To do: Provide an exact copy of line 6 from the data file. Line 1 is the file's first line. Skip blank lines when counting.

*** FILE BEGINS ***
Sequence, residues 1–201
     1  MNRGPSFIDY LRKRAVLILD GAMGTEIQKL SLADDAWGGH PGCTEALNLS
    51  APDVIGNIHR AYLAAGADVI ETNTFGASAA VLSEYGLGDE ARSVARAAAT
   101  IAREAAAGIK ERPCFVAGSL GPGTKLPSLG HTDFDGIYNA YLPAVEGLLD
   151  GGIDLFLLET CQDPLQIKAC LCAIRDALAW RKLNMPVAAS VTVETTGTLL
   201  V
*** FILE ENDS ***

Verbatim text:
   201  V